A count of US billionaires reveals that there are 540 such people in the United States, with a combined worth of some $2.399 trillion. While this group of people may be far fewer in number than the “top tenth of the top one percent” it is not likely that that tiny fraction of earners is going to be able to cough up $7 trillion per year. Neither are the taxes on stock trades likely to help this. In fact, the total US Gross Domestic Product for 2019 was $21.43 trillion. To skim a third of this every year for ten years would be devastating to the US economy by any measure.
Because of this information, Bernie’s plan appears to be complete “pie in the sky” when run against a reality check, but Sen. Sanders did make a clever ploy by illustrating and releasing his plan. No doubt his supporters will be thrilled at his move, calling him an anti-Trump or something more clever than that.
Yet, despite the political advantage gained in the short term, reality does not support this set of idea. Further, Sanders does not appear to recognize the mechanism of American politics – the only way to forcibly seize such funds is to get Congress to pass laws to tax in such ways, and that requires a majority in both houses that would actually support such moves. Given the present state of the economy this appears unlikely.
Further, speculation that the COVID-19 “coronavirus” outbreak is going to spread is probably correct. We see it doing so. But unless the virus turns out to be the kind of thing that disaster movies are made of, there will eventually be vaccinations available against it, and it may just become another virus in the background of all of these things that can make people sick or even kill them. The present death rate does not indicate the nightmare scenarios we dreamed about in books and films… at least not thus far. With this in mind, the present economic hit will eventually stabilize and move forward again.
It is not likely to make American voters espouse widespread social programs, and it is also not likely that an economic hit spurred by COVID-19 would hurt President Trump. He will simply give his attention to this problem, and point at the outbreak as the cause for any economic problems, and this will be accepted as true.
With all this said, what about the rest of the Democrat Party field?
This is where the “entertainment” aspect seems to shine. The debates are anything but debates. They are not policy discussions so much as they are something more akin to low-grade reality TV, maybe something on the level of Jerry Springer. (Indeed, instead of a man dressed as a woman, we now feature a “married” gay man trying to become President of the US… and who talks the best game of any of the candidates… that is Pete Buttigieg, folks!)
The rest of it is equally absurd. The only policy wonk in the mix is Sanders. All the others are much more vague on policy ideas (though none are believable), and it is presently understood by pundits such as Rush Limbaugh that really, all the candidates have the same basic ideology, but only Sanders is gutsy enough to actually tell people.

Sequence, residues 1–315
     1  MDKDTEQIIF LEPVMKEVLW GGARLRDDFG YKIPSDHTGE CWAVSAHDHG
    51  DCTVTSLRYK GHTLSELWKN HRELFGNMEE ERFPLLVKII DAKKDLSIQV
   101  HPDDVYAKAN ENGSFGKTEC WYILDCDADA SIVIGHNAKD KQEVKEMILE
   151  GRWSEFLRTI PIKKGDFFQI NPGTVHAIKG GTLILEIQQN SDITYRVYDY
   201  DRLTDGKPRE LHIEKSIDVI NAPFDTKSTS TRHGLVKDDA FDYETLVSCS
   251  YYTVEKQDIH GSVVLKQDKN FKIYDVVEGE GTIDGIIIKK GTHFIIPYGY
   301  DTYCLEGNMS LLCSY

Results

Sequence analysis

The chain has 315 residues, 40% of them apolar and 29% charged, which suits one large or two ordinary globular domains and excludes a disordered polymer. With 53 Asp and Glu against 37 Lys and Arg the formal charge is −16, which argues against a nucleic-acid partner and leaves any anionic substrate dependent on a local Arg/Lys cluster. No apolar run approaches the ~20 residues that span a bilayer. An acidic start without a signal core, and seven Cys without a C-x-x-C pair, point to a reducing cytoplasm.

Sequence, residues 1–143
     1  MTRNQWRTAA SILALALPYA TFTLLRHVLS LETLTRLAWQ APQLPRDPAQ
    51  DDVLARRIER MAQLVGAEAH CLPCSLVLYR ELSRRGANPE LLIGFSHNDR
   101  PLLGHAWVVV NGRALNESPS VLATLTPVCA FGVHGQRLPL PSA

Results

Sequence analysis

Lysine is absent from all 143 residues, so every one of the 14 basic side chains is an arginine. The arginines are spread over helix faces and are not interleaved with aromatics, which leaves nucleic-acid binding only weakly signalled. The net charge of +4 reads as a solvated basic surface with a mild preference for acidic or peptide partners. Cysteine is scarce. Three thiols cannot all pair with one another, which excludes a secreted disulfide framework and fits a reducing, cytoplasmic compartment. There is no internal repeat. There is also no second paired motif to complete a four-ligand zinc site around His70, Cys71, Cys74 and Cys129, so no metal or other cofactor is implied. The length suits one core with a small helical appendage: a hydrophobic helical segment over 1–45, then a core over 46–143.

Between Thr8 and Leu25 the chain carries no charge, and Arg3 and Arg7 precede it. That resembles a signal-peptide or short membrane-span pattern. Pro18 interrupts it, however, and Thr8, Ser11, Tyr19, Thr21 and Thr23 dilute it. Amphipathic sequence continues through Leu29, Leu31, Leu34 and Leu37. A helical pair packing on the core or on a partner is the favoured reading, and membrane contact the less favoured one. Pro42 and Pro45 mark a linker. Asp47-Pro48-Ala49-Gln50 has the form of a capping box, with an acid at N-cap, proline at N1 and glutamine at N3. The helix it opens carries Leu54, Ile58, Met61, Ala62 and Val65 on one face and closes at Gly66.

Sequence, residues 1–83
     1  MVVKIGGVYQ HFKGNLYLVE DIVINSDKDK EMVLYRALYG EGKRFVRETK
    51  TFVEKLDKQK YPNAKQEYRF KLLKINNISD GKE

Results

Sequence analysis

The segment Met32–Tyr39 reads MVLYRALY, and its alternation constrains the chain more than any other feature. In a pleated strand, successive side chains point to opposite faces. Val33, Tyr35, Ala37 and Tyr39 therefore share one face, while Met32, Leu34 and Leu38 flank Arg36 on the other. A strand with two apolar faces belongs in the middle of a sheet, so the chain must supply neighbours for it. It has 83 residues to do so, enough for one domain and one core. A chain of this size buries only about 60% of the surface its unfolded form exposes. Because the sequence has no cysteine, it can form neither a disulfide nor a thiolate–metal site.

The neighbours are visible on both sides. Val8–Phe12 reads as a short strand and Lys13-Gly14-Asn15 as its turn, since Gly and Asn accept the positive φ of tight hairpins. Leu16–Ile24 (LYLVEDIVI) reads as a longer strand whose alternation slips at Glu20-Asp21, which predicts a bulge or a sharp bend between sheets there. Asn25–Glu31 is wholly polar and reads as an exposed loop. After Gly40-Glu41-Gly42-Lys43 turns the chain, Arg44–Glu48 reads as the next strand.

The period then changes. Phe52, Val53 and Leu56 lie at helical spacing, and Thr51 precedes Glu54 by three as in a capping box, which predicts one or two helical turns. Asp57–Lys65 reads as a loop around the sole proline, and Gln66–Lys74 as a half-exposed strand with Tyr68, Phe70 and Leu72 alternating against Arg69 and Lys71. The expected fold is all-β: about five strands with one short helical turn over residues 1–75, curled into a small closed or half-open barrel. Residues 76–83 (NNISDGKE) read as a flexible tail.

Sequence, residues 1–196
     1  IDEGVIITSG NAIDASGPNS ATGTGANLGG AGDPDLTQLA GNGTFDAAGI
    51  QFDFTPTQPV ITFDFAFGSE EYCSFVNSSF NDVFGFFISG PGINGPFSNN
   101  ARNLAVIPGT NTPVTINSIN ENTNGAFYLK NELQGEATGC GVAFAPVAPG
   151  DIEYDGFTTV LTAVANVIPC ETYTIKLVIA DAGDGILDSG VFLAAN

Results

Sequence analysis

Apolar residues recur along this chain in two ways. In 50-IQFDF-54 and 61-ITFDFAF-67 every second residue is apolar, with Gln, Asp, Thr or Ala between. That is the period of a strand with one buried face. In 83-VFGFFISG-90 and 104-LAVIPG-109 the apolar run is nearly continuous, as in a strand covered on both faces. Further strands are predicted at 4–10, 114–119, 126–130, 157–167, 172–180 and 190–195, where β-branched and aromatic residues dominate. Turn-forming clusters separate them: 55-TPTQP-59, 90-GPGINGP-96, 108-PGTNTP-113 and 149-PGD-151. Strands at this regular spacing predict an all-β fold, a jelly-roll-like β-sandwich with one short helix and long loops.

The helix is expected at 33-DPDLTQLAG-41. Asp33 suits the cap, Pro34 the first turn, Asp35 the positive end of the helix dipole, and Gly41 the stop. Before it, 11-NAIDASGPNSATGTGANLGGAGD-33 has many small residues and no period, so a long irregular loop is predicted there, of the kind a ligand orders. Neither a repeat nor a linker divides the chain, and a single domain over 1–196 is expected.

The whole Democrat scene is really being run as a sideshow, and it is very sad. Donald Trump knew how to play the sideshow when it was being done four years ago on the GOP side, and he played it to win based on a sharp combination of policy and truly enjoying the fight for the top spot, sans pandering. The Sanders campaign cannot make this claim. He panders, but less than the other candidates do.
The real tragedy of these “debates” is the actual absence of debate, itself. This is a loss for the American voter, who really does need to be informed if he or she is to use their vote wisely. However, it must also be said that the classless Springer-esque Democrat debates exist the way they do because the populace in many ways prefers such a show rather than to think.
It is not that Americans are stupid – (even though I have often written so) – it is that they are driven to process political and policy matters purely emotionally, passionately, and therefore WHO presents a given policy is far more important in terms of “political sex appeal” than WHAT the policy itself is.
That is why we see over and over, Campus Reform videos where university students say they support President Trump’s enacted policies as long as the questioner says that some Democrat put them into place.
This is a sad place to be for the country. It is not without precedent, for in fact the Russian 2018 Presidential debates (which President Putin never participated in) featured very similar sort of behavior, only magnified one hundred times, since Russians are not politically correct, and have no qualms getting really nasty on television.
We all know who won that contest.
It is enough to make one wonder: Who is interfering with whom’s elections?
The statements, views and opinions expressed in this column are solely those of the author and do not necessarily represent those of The Duran.